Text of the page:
Collections

Wide Angle of Library for Body Text

Frederick Douglass's library at Cedar Hill as it appears today.

Carol Highsmith

The Library

Frederick Douglass's library is a special place. Lit by three large windows, books on almost every imaginable subjects fill the many bookcases. Off to the side, a black iron stove promises cozy warmth on cold days. In the center of the room, a heavy wooden desk sits awaiting the author's next great sentence. Douglass was a true man of letters, and his ideas seem to fill the room. It is a place where, if you close your eyes and reach out your hands, it seems almost possible to touch the mind of Frederick Douglass.

A visit to Cedar Hill is a wonderful way to experience Douglass's ideas. However, a tour of the house doesn't allow for a close inspection of the titles in the library's bookcases.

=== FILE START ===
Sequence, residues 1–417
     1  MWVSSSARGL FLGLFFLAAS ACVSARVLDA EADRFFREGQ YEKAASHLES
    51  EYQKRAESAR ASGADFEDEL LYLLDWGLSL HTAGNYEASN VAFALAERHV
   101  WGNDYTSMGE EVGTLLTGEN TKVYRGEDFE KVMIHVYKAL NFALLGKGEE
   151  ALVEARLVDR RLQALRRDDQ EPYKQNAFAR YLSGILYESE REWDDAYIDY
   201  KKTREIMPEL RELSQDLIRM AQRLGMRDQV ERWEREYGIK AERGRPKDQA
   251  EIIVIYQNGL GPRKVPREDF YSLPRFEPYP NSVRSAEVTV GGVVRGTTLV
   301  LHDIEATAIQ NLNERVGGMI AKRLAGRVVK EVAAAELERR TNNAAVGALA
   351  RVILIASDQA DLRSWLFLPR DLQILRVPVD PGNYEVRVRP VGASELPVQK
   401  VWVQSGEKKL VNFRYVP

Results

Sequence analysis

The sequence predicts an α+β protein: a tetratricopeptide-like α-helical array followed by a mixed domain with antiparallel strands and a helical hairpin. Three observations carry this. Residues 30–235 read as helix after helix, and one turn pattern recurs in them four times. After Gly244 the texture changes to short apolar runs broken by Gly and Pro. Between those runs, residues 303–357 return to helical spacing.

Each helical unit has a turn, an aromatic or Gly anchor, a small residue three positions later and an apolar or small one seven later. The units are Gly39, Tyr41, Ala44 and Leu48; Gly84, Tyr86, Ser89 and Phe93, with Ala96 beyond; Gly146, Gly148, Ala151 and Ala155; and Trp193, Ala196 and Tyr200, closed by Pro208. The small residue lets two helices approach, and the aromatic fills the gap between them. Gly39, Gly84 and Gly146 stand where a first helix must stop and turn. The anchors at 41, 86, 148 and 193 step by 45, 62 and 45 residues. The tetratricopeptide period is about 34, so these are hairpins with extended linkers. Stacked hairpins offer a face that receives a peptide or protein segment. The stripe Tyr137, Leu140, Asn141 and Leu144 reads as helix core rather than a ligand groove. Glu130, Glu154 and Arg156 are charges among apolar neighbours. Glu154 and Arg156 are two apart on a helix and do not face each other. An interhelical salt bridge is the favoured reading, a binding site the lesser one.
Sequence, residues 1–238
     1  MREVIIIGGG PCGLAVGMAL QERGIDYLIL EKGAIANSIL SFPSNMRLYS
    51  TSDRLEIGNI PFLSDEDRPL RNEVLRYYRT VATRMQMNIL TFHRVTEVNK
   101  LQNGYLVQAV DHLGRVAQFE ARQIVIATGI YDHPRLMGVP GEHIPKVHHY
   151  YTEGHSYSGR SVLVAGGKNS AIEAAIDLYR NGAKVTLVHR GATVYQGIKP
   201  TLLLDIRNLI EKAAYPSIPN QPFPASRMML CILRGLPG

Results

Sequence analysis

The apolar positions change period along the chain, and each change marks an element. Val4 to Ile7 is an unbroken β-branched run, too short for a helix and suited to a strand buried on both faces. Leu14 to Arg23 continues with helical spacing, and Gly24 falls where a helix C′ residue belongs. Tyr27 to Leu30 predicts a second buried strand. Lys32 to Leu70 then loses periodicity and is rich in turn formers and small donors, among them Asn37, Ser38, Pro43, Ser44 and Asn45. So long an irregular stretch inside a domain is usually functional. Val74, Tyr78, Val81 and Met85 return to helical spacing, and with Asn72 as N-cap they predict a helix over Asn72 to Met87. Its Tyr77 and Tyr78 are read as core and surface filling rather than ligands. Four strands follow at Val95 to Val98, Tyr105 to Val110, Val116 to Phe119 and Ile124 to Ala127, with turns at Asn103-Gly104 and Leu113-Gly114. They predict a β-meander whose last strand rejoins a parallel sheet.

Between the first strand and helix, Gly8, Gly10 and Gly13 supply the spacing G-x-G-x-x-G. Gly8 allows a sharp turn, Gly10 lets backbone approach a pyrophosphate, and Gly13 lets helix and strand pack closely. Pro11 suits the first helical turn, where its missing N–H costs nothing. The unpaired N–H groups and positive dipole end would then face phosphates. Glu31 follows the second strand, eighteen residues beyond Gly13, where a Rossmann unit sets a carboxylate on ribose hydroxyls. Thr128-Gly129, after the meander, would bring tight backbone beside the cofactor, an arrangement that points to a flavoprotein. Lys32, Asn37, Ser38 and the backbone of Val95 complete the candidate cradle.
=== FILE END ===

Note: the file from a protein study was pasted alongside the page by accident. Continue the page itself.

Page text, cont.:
Fortunately, we now have searchable lists of all the books and booklets in the National Park Service's collection. They may not be complete lists of all the reading material that Douglass ever owned, but we believe they cover the vast majority. We hope you have fun exploring his books and that you check back often! We hope to eventually post additional lists of his pamphlets and music.

 
Books


Frederick Douglass's Diary from 1871 (from his trip with a commission to consider U.S. annexation of the Dominican Republic)

Helen Douglass's Diary from 1887 and 1889 (including trips to France, Italy, Egypt, and Haiti)
 
Virtual Museum Exhibit

Many of the objects in the park's collection, including portraits and other books from Frederick Douglass's library, can be found in this online exhibit developed by the National Park Service Museum Management Program.

Did You Know?